Everything from slice-of-life realism through to surrealistic flights of fancy are on display in the second week of the Short+Sweet Festival. The pressure-cooker intensity of a 10-minute time limit has stirred up an outpouring of creative energy that covers a rich variety of theatrical forms.

Several works look for a pathway through the minefield of relationship issues, with playwright Adam Szudrich finding a fresh perspective on sexual politics as he asks us to consider the hapless husbands of black widow spiders, while the We Are Sailors company offers a macabre twist on the concept of a trophy partner.

In Fruit Salad, writer Jodie Ellis reverses the usual dynamic of parental anxiety as a recklessly romantic father is lectured on responsibility by his daughter and Northland Youth Theatre creates an imaginative bit of whimsy with a tormented love triangle involving two eyes and a nose.

The unexpected perils of dating are given a workout as Jess Holly Bates voices the desperation of a lonely heart in Pete Malicki's tribute to Valentine's Day, and Greg Gould's Last Drinks amusingly explores the way destiny can bring lovers together and tear them apart.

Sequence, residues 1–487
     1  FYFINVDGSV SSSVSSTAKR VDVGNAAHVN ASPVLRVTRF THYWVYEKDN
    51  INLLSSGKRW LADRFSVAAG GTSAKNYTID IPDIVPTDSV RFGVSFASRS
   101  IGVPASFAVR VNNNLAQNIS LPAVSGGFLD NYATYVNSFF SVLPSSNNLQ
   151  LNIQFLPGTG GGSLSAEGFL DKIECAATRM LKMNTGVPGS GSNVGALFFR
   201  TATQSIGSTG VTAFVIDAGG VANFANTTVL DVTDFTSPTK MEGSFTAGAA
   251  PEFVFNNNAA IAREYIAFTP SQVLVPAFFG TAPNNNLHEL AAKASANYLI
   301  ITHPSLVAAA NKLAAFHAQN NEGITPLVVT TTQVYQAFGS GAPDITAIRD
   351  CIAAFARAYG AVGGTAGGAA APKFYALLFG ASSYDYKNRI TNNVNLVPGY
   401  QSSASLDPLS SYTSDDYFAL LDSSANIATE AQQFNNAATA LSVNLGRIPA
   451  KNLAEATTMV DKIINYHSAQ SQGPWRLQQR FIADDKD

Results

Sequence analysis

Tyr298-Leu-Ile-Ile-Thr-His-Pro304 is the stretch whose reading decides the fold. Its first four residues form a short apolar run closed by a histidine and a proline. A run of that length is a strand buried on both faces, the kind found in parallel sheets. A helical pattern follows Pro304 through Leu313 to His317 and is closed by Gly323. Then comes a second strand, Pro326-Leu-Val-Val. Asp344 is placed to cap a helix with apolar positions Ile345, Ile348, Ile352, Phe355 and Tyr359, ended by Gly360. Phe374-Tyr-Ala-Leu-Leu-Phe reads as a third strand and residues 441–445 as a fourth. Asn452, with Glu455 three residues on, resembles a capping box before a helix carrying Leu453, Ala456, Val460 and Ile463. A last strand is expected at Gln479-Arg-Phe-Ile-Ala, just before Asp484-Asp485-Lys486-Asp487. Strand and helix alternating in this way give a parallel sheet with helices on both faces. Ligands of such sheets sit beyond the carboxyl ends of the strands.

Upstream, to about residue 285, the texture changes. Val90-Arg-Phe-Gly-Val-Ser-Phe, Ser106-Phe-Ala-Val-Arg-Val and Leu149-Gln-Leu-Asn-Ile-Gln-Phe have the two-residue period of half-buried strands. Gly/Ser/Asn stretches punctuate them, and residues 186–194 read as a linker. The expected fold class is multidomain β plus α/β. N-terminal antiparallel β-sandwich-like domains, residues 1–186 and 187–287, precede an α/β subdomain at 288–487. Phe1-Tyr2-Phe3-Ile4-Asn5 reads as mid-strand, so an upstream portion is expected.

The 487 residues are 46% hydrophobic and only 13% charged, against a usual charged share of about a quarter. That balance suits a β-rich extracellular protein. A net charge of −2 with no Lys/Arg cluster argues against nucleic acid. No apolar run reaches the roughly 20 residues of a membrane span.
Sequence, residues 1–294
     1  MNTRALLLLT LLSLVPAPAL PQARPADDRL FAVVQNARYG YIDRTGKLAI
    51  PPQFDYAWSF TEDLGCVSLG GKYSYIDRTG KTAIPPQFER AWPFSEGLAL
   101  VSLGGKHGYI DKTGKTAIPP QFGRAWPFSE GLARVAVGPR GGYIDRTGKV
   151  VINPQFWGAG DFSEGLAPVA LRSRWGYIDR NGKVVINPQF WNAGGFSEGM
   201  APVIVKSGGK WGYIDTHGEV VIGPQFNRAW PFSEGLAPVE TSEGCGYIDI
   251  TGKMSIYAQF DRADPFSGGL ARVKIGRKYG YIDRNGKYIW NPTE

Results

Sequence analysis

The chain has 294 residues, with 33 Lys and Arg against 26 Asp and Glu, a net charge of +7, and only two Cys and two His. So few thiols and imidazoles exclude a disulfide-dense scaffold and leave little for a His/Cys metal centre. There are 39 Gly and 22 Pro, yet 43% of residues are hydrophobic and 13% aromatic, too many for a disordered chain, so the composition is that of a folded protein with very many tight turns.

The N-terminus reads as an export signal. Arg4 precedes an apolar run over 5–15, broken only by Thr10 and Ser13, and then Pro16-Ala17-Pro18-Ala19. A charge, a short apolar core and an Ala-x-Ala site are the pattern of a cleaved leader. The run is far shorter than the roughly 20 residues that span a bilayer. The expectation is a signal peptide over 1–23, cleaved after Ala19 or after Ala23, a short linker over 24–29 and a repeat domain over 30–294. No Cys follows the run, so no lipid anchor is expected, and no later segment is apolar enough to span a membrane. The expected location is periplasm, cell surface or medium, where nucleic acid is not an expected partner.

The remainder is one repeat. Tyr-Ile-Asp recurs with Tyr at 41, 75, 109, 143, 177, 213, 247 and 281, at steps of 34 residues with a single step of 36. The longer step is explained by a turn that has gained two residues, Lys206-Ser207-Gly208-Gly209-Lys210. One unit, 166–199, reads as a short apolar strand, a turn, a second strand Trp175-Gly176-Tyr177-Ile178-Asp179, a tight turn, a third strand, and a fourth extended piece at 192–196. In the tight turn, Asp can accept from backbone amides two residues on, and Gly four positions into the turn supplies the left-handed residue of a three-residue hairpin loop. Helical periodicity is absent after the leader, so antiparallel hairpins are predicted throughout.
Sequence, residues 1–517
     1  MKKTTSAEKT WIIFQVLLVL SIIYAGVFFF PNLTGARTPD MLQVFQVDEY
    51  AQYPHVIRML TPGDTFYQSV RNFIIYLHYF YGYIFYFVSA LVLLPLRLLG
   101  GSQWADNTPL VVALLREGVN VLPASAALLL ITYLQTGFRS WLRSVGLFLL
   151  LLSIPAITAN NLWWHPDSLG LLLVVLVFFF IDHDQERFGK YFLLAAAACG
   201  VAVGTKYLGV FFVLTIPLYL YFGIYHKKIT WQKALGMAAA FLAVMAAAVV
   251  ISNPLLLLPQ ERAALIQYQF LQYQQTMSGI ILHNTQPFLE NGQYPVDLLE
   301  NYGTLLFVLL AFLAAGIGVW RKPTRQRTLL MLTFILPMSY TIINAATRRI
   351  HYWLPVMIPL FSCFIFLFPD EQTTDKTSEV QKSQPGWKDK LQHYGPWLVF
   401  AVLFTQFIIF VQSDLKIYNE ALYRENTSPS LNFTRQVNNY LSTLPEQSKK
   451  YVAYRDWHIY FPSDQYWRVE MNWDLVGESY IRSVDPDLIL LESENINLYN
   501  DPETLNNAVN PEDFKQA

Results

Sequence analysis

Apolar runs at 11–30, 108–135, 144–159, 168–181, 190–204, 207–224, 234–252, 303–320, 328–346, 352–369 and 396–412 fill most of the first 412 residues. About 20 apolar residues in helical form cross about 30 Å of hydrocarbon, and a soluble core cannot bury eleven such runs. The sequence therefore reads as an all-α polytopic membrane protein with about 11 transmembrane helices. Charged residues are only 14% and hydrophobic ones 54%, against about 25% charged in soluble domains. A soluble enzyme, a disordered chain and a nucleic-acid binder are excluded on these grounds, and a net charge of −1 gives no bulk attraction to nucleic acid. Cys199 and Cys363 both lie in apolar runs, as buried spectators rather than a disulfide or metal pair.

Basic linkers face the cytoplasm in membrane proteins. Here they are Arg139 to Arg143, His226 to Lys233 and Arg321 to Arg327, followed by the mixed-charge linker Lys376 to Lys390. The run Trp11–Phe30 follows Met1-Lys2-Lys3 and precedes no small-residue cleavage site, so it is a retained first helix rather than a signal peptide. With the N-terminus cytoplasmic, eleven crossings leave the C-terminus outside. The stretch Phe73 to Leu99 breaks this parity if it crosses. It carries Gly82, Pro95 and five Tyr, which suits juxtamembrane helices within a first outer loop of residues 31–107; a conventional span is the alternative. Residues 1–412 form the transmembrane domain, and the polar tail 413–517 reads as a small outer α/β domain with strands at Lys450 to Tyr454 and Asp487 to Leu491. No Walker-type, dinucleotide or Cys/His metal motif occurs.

Aroha Awarau has scripted an uplifting romance with Where You'd Least Expect featuring a great performance by Cassie Baker who captures both the bubbly excitement and awkward anxiety of a first date.

Wider themes are canvassed in The Blue Balloon that sees Angie Farrow conjuring up an absurdist fable about the subversion of certainties.

Two other plays look at cross-cultural interaction, with James Crompton's Hongi deflating the mystique of a traditional Maori greeting, while Dead Leg Theatre Company have devised a remarkably poetic piece that juxtaposes wildly divergent views on the fractured state of New Zealand's race relations.